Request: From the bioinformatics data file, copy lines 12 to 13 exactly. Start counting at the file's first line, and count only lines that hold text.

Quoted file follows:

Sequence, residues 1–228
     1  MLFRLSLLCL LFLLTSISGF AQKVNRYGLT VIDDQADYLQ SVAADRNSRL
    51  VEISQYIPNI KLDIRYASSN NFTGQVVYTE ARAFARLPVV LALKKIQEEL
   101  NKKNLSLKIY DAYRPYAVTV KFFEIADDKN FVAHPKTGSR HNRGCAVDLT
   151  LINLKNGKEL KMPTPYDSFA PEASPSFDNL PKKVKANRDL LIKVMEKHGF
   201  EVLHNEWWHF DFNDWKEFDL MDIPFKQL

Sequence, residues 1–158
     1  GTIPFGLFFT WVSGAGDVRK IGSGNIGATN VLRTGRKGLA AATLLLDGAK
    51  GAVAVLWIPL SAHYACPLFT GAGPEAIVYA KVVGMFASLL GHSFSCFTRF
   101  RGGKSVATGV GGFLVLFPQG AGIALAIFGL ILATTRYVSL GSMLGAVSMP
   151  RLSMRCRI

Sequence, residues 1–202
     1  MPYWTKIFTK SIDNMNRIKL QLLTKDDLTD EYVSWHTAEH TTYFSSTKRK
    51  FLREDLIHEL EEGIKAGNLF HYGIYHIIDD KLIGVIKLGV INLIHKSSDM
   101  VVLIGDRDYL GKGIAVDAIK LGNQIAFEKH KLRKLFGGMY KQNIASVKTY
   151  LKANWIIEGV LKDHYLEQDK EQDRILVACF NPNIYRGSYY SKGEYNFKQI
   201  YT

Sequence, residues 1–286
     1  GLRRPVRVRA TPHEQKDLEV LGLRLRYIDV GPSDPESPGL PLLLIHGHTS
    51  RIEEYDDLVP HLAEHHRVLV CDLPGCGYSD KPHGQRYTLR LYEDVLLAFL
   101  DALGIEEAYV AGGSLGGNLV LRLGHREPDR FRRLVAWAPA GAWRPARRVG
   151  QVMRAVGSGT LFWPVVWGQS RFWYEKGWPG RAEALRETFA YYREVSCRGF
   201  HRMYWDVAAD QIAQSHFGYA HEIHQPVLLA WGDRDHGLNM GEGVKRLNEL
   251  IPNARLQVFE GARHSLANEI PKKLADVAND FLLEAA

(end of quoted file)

Sequence, residues 1–202
     1  MPYWTKIFTK SIDNMNRIKL QLLTKDDLTD EYVSWHTAEH TTYFSSTKRK